USMNT already vindicated in hiring Arena, firing Klinsmann

Getty Images
3 Comments

It’s easy to have a knee-jerk reaction from a stellar point away at Mexico in 2018 World Cup qualifying, but this is so much more than that.

[ MORE: Player ratings for USMNT

Fans of the U.S. men’s national team will be waking up with a renewed sense of hope on Monday morning as they watched their team implement a solid gameplan almost to perfection in the 1-1 draw at the Estadio Azteca.

Sure, Mexico was missing several key players, had one eye on the upcoming Confederations Cup and already has more than one foot in the 2018 World Cup in Russia, but it also shuffled its pack marvelously, and bravely, to come away from Mexico City with a valuable point.

[ FOLLOW: All of PST’s USMNT coverage

U.S. Soccer got plenty of stick for firing Jurgen Klinsmann back in November 2016 after two defeats to open World Cup qualifying and then going for a blast from the past in Bruce Arena to guide them to the 2018 World Cup in Russia.

Despite all the critics (in truth, hiring Arena always seemed like the only real option) this is all working remarkably well and much quicker than expected.

Arena, 65, used all of his experience to navigate two World Cup qualifiers in four days at altitude and the length to which he went to make sure this happened smoothly is remarkable.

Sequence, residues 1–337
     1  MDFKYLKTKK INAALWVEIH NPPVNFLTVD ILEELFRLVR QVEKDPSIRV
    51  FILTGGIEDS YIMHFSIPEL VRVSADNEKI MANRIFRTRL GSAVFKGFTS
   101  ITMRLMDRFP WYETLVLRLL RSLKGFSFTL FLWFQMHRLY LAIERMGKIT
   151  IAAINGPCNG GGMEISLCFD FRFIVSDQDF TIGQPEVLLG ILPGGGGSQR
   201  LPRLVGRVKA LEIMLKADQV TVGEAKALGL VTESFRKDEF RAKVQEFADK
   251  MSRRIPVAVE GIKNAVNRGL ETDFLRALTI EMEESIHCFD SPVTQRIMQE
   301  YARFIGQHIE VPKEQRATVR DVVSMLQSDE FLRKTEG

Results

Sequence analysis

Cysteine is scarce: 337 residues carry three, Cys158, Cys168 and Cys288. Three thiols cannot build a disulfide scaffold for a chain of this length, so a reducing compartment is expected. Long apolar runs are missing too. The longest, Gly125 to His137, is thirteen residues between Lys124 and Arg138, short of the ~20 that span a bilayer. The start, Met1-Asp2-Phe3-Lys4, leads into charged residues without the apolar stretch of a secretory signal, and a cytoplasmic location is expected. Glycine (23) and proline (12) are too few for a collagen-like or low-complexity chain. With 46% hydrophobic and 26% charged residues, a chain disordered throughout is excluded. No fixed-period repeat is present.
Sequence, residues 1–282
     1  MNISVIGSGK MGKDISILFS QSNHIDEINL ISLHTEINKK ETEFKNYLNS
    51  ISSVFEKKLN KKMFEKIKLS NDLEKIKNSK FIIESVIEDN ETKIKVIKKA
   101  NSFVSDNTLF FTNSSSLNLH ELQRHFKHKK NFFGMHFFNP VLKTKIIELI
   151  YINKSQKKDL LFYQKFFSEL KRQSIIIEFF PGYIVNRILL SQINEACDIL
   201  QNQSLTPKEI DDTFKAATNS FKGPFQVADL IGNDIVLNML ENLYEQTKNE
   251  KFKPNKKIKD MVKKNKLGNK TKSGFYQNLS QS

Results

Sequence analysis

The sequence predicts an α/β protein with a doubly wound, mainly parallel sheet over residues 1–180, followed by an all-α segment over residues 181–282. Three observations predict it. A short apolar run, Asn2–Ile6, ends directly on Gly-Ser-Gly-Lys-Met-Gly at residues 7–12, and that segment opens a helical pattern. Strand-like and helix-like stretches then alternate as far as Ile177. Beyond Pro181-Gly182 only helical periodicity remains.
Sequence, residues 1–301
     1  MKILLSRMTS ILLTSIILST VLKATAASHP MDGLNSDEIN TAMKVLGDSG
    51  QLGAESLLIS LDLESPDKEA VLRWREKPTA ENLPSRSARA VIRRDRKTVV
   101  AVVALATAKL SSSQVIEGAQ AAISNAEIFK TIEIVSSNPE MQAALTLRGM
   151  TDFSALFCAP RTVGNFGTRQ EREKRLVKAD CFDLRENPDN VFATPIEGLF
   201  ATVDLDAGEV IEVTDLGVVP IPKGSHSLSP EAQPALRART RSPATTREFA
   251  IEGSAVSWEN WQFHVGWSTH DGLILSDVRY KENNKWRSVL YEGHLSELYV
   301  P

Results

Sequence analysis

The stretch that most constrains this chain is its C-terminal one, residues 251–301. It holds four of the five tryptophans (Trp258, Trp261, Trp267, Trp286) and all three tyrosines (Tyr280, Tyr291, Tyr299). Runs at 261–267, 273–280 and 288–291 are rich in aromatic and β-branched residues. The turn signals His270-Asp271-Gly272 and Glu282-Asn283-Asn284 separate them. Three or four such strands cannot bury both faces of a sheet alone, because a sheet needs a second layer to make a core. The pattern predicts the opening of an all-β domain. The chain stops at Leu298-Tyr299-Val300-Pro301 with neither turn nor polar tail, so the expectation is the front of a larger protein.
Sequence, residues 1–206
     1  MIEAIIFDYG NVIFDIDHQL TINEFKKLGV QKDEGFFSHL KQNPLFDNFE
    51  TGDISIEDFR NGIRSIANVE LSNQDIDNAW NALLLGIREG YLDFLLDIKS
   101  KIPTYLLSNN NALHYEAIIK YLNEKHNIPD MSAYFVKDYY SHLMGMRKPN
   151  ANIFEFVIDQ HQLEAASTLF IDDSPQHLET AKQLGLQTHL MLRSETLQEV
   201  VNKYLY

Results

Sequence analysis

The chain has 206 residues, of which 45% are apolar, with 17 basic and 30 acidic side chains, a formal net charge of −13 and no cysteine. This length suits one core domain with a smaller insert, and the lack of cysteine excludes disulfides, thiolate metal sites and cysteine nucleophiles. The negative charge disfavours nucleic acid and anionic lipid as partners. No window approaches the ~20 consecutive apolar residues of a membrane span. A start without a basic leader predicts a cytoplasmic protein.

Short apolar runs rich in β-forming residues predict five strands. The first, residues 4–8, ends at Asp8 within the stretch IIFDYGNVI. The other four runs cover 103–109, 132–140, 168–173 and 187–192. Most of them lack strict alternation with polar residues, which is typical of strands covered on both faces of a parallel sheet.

Players revealed after the game that Arena planned this out three weeks ago when they first met up ahead of the qualifiers. He had two separate teams training in different formations in order to get at least four points from the two qualifiers.

[ WATCH: Bradley stunning chip beats the GK from 40 yards

Arena himself, as he tends to do, kept things simple when speaking after the 1-1 draw at the Estadio Azteca, just the third time the U.S. had got something from their travels to Mexico City in World Cup qualifying.

“We told the team on day one of this camp that we would play that way in this game,” Arena said. “We call the formation a 3-4-3 or a 5-2-1-2, or whatever you want to call it. As long as it adds up to 10, we’re good.”

Arena may have made it sound simple, but it was far from that.

Many threw their hands up in the air when Arena was appointed, stating that the USMNT had gone backwards. But was the past really that bad? After all, Arena had led the U.S. to the World Cup quarterfinals in 2002. We all know what happened in 2006 but this current U.S. squad was better than any other.

This is not so much about Arena’s superior game management as it is about Klinsmann’s tactical ineptitude. On a big-picture level Klinsmann did plenty of good for U.S. Soccer as a Technical Director. You can already see that with the youth national teams in recent months and the likes of Christian Pulisic, DeAndre Yedlin and John Brooks becoming regulars for the U.S. national team.

But what Klinsmann always lacked is what Arena is great at: organization for individual games and man-management.

USMNT center back Omar Gonzalez spoke of the difference between Klinsmann and Arena following the draw on Sunday night. He revealed that he and others knew for weeks that they would be playing in a three-man central defense, rather than at the last minute under Klinsmann for the home qualifier against Mexico in Columbus back in November.